Anyway, wanted to blog about what I reckon must have been one of the most authentic experiences of community I’ve had for a long while.  I’ve been doing a bit of reading of the writings of Fr Richard Rohr, who is a Fransiscan priest/friar.  He writes prolifically on spirituality in general, but male spirituality in particular and has spoken of the need for men to find a kinship of brotherhood as well other stuff.

Anyway, there are groups of men who gather to explore experientially some of the stuff Rohr writes about.  I finally got the chance to meet up with a group of men up in Lindisfarne recently.  It was just a great day and I felt incredibly released and freed by it in many ways.  There were around 10 of us.

To begin with, after obligatory cups of tea, we entered into a time of what you could loosely call ‘worship.’   You have to understand that the invite to this group said ‘bring your drum.’   I loved both the implications that one would possess a drum and the implication that one should be prepared to beat one anyway.  It just so happens I got a bodhran for Christmas, so gladly took it along.  And so, we drummed for a good half hour or so.  It was good.  Fantastic, actually.  Professional drummers we were not, but we made a ‘joyful noise.’

After this, we talked.  Not just randomly, but purposefully.  There was, in the middle of the room, a little stone carving of men in a huddle with a candle in the middle.  And then there was the ‘talking stick’….just a normal bit of stick with ‘speak truthfully’ carved on the side.  Each man, when holding the stick, spoke from the heart of how things were for him at the moment.  We talked about what we sense was dying off in our lives and what was just beginning to root.  Just holy moments, actually, giving full attention to the others.

The great thing was, that having shared, no one offered any advice.  No one tried to fix you.  No one tried to analyse or pass judgement.  At the end, the speaker declared ‘Ho!’ and the chorus came back ‘Ho!    After sharing, it was out for a walk.  We built a fire on the beach, ate cremated sausages and talked casually before going back to the cottage for a final drumming and talk session.

It was a great day, really refreshed by it.  Cathartic, theraputic, worshipful, reflective, eye opening and active all at the same time.  Refreshed by the openness of honest men. In fact, if Carlsberg did ‘Jesus and the disciples’, it would probably look a lot like that.  [No alcoholic beverages were consumed in the making of this story].

The questions is leaves me with are many, including:  How many men are our churches failing due to the nature and composition of our ‘worship services?’  ‘How many men are failing to reach spiritual depth due to lack of authentic expression of worship etc?’ ‘What opportunities to man have to develop spiritually in a helpful environment?’  ‘How much attention do we give to making male spiritual development appropriately expreriential and action based?’  ‘How do we understand and create space for men’s needs to talk in an environment that is open, honest and that has integrity?’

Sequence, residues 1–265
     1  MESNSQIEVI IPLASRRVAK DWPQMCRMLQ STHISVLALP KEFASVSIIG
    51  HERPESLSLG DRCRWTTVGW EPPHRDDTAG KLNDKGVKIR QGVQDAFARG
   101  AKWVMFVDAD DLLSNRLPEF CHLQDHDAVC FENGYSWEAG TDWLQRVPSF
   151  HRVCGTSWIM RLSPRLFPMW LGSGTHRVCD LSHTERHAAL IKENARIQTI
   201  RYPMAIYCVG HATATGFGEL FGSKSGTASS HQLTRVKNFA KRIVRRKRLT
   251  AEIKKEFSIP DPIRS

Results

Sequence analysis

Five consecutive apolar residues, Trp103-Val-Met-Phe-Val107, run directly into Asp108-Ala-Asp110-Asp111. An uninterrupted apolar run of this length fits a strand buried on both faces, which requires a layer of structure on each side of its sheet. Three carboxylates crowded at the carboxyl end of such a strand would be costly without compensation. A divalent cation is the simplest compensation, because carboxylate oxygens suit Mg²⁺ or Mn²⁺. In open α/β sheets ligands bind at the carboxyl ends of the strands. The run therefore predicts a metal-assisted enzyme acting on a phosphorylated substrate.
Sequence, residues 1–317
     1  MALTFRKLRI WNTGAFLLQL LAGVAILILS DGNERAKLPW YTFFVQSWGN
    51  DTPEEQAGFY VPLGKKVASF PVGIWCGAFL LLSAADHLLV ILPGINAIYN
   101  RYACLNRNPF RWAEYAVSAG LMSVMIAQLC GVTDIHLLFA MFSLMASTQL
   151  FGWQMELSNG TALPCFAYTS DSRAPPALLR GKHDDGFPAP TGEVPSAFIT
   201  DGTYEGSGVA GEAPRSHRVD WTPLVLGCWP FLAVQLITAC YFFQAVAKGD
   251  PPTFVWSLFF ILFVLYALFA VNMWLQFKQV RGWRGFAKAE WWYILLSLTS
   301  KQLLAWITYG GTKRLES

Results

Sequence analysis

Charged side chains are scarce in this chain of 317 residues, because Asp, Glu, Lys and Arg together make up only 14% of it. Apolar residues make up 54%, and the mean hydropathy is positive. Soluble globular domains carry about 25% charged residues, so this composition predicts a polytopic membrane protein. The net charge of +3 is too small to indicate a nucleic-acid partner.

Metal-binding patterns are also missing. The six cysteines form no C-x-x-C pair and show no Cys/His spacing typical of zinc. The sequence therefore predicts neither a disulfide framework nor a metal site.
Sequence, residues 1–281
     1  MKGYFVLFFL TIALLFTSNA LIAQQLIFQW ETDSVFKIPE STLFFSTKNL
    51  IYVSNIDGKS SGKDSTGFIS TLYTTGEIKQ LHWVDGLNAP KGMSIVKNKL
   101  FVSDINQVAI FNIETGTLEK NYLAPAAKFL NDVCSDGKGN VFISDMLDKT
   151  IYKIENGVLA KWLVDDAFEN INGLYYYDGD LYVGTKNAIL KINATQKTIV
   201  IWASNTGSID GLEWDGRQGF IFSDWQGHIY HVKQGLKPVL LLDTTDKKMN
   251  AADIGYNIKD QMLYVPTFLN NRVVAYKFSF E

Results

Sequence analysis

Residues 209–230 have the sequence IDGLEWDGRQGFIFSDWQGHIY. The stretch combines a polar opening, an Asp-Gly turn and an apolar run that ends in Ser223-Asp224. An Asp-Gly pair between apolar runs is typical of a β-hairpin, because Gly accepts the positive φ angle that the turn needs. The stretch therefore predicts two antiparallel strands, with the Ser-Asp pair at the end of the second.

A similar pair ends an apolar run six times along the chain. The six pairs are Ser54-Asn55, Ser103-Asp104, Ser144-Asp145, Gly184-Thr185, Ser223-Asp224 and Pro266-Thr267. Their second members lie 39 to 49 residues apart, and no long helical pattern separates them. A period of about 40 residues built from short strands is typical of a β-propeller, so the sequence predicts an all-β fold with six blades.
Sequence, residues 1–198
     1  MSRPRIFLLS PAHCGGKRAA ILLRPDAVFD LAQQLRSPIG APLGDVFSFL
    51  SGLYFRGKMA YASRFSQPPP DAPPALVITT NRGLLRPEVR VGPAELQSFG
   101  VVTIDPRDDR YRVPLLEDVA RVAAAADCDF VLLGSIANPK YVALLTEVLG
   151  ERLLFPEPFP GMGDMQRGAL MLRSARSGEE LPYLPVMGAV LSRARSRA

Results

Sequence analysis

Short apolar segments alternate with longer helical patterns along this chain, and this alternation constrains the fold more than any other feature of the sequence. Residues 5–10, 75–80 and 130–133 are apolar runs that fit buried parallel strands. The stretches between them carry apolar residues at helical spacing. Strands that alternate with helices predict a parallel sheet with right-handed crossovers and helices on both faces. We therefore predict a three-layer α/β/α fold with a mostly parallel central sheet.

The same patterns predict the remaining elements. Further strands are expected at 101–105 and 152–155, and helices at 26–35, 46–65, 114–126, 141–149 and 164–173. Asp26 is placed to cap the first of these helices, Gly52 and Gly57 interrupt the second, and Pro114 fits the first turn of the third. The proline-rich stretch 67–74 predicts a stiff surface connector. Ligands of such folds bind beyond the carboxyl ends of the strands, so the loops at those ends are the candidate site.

I can’t wait for the next opportunity to meet.  Ho!

Vocational Voshmayshabal

dogcollarAs I guessed it would happen, it was back from Easter holiday and hit the road running.  Weeks of relentless meetings and stuff to be done…not all of it feels like it deserves a whole lot of energy, but takes it up nevertheless.   In the midst of it all,  I’m like a Fiddler on the Roof…trying to scratch out a tune and keep balance at the same time.  My own personal ‘rule of life’ or whatever you want to call it keeps me accountable to being Authentic, Relational and Missional all with varying levels of success.

I’m a bit in the air at the moment, although probably don’t need to be.  My inner pilgrim thinks it should be moving on but doesn’t realise it has 6 years of a contract remaining.  Not going anywhere, but I’m constantly working through the process of ‘vocational discernment’ in the light of the fact that after the 6 years of my contract, what then?  Not currently feeling able to avoid the long term questions of ‘what?’, ‘with who?’,  ‘when?’ and ‘why oh why?’   So all that internal questioning unsettled in the midst of general busyness.  Its only there so strongly because as a SA Officer I didn’t have to think about it…the track was set out…or so it seemed.

But you know what?  I have many days when I just want to go home.  Get a ‘normal’ [insert ‘real’ if desired] job and work out following Jesus outside of the established church.  Its a jolly good job I’m not qualified to do anything else otherwise I think I’d have gone…which really brings up the whole integrity of what I do.  I think I’m openly honest about my vocational doubts, I don’t feel like I’m trying to fool anyone, but on the other had I realise that I do a decent job and where I am at this moment in time has in fact removed so many of the highly frustrating obstacles which existed in the last denomination I was chucked out of.

Do you know what even more?  I am ‘enjoying’ the uncertainty of it all.  Being in a liminal space (‘inbetween one thing and another’) is a creative place to be.  I’m discovering more things about myself, my ‘belief system’ and I’m being able to flesh out some of my previously ‘academic’ opinions/experiences/convictions.  Its an adventure in trusting God.

If you have any ideas/insights/words/predictions/gut feelings/inclinations and/or revelations  as to how you see it panning out, let me know!  What I really need is a discernment panel to listen to God with me.  At the moment, the voices are too many, various and conflicting.  Answers on a postcard [or preferred substitute] anytime!  ;o)